Honda Integra Type R
Is this the greatest front-wheel-drive performance car of all-time? Probably. By today’s standards, the Integra Type R certainly isn’t quick – although a 0-62mph time of 6.7 seconds isn’t too shabby – but few cars could keep up with this Honda on a twisty road. It’s almost perfect, with a low-slung driving position, rev-hungry engine and superb gearbox.
If the Integra Type R is the best front-drive performance car, the third-generation ‘FD’ Mazda RX-7 is in with a shout of being one of the best-looking sports cars ever made. The car pictured is a lightweight Bathurst limited edition, named after Australia’s most famous race track and only sold only in Japan. With a 280hp rotary engine, it’ll hit 62mph in just 4.7 seconds, before reaching a top speed of 160mph.
Nissan Skyline GT-R R34
We’ve already covered the Skyline with the inclusion of the R32, but you’ll excuse us for wanting to add the R34 to the mix. It offered supercar levels of performance in a PlayStation suit, with power sourced from a 2.6-litre inline-six turbocharged engine. Thanks to a sophisticated all-wheel-drive system, it could hit 62mph in 4.7 seconds, before reaching a top speed of 165mph.
In a world of lazy turbocharged engines, the Honda S2000 is a real tonic. At its heart lies a 2.0-litre four-cylinder engine developing 240hp, making it, at the time, the most powerful naturally aspirated engine on a power-per-litre basis. It’ll rev to 9,000rpm, with peak power arriving at 8,300rpm, meaning you have to work really hard to get the best from it. We’d recommend a later S2000, by which time Honda had tweaked the suspension, fitted better tyres and added stability control.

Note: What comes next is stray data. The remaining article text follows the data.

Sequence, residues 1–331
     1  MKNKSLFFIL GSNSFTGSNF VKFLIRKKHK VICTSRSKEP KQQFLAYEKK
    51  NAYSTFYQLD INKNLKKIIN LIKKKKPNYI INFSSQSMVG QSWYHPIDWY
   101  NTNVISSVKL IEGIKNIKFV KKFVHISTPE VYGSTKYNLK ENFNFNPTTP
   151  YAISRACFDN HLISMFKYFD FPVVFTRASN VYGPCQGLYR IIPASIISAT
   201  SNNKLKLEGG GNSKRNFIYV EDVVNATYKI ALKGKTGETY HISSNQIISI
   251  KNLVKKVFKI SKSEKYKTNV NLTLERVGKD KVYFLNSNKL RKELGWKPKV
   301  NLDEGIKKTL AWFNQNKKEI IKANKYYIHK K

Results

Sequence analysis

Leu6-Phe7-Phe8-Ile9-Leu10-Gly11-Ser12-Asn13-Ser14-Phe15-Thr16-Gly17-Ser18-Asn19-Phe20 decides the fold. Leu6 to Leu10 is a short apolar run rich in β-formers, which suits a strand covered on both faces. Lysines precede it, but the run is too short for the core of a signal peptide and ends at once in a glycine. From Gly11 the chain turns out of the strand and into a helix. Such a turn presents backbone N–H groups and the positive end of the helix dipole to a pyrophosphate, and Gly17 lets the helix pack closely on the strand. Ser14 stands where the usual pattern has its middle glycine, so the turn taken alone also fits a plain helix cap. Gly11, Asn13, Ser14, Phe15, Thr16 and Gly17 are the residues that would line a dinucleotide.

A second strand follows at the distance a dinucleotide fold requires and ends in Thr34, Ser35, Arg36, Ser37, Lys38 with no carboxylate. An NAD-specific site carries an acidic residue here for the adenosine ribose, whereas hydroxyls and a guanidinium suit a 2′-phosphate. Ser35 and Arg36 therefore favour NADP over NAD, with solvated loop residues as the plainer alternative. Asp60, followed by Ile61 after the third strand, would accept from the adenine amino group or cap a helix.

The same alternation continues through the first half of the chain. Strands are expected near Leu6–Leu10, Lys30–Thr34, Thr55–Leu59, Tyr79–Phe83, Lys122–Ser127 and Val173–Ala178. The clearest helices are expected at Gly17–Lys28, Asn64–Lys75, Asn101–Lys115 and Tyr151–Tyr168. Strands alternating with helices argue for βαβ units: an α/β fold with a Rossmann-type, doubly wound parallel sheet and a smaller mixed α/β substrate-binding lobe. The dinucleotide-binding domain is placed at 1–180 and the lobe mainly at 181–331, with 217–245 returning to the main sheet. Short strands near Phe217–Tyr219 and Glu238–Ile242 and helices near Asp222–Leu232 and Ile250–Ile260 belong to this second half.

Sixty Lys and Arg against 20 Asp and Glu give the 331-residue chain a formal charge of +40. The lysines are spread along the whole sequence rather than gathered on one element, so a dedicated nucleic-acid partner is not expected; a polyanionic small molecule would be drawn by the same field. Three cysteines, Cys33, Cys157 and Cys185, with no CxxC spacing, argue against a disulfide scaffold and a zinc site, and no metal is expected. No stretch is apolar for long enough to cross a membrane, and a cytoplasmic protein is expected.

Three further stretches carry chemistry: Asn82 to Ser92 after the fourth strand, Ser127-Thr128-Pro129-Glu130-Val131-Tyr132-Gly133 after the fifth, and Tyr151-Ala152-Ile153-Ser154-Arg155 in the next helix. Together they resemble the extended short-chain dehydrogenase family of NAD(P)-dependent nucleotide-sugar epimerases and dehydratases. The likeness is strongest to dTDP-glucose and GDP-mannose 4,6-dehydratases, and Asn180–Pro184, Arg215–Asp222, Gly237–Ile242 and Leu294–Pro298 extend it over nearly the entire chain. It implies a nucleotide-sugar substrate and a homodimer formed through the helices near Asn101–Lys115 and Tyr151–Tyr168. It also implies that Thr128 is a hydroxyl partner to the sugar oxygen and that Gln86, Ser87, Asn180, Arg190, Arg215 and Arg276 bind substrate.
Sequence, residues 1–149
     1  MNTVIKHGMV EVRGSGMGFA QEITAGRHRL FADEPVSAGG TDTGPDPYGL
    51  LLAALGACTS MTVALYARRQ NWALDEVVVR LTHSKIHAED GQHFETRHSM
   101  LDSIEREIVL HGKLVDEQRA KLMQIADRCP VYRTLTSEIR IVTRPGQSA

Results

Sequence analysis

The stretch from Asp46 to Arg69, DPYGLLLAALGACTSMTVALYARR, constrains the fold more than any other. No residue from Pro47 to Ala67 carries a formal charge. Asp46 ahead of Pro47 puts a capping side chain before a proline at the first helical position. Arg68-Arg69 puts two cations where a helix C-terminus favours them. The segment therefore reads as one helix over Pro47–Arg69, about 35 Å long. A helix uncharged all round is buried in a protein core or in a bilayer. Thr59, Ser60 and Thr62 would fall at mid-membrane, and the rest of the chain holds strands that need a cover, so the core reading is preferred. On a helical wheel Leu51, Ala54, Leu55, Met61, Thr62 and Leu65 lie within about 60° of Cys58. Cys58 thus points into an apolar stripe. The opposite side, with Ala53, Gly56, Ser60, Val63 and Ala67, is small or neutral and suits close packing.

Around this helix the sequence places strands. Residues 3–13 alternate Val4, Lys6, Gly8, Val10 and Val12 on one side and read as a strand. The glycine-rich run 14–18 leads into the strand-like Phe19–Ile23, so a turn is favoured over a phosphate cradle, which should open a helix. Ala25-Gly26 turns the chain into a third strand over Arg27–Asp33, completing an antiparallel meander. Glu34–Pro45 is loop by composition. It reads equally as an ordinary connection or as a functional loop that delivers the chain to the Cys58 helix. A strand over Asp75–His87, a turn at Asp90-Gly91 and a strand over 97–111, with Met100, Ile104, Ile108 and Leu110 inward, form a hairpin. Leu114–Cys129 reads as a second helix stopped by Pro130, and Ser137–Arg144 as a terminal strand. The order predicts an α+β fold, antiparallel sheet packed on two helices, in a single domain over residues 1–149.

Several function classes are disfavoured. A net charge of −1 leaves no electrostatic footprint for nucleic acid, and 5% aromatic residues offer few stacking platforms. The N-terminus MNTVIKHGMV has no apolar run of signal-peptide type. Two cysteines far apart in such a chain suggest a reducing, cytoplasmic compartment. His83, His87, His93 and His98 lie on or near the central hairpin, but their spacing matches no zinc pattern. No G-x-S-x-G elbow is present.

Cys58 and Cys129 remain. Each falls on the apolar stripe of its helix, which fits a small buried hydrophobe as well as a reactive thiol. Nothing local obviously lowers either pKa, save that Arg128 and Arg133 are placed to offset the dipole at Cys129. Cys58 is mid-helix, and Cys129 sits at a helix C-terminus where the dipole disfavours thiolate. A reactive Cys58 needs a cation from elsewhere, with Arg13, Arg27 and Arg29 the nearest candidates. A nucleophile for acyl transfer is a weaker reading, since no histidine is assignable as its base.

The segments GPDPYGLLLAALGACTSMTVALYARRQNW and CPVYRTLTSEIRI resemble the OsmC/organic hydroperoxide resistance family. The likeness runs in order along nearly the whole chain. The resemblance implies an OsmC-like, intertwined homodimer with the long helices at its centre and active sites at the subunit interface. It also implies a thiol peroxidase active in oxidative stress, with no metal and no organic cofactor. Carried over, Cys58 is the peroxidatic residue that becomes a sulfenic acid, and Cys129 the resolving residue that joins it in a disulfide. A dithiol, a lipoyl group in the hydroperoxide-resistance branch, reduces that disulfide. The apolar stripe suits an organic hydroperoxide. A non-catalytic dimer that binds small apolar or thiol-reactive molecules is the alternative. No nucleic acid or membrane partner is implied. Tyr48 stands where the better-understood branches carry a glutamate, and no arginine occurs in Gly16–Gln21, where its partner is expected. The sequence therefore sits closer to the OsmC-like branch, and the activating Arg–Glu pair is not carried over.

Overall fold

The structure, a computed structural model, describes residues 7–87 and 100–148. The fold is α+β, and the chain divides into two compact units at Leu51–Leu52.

The first Toyota Supra arrived in 1978, with the last car rolling off the line in 2002 after close to 600,000 units had been produced. After four years of development, the fourth-generation A80 was launched in 1993, with the turbocharged version offering supercar-taming levels of performance. It appeared in a myriad of computer games and movies, cementing its legendary status and ensuring the new Supra had a lot to live up to.
Subaru Impreza 22B
The Impreza 22B was built to celebrate Subaru’s three successive WRC Constructors’ titles, and the 40th anniversary of the company. Limited to just 400 examples in Japan, a further 16 cars were imported to the UK under the Single Vehicle Approval scheme. Its 2.2-litre turbocharged engine produced 280hp, while the extra wide bodywork from the rally cars delivered a bespoke look.
Developed in partnership with Chrysler, the Mitsubishi 3000GT was also known as the Mitsubishi GTO and Dodge Stealth. This was a tech-laden sports car, featuring four-wheel-drive, four-wheel steering, active aerodynamics and electronic suspension, not to mention the small matter of a 3.0-litre twin-turbocharged engine. Not the best sports car to drive, but as a technical achievement…
The Suzuki Cappuccino is another brilliant kei car. It uses a traditional roadster layout, with a front engine and rear-wheel drive, plus perfect weight distribution. It also weighs just 725kg and is small enough to zip through city traffic. Power comes from a 657cc three-cylinder engine. Frothy and invigorating.
Nissan Z Proto
We end with a bonus car in the Nissan Z Proto – a very unsubtle hint at how the 370Z replacement will look. With retro styling and a twin-turbo V6 driving the rear wheels, there’s absolutely nothing not to like here. Well, except the fact that it isn’t coming to Europe on emissions grounds. Like several of the great sports cars on this list, you’ll just have to import one.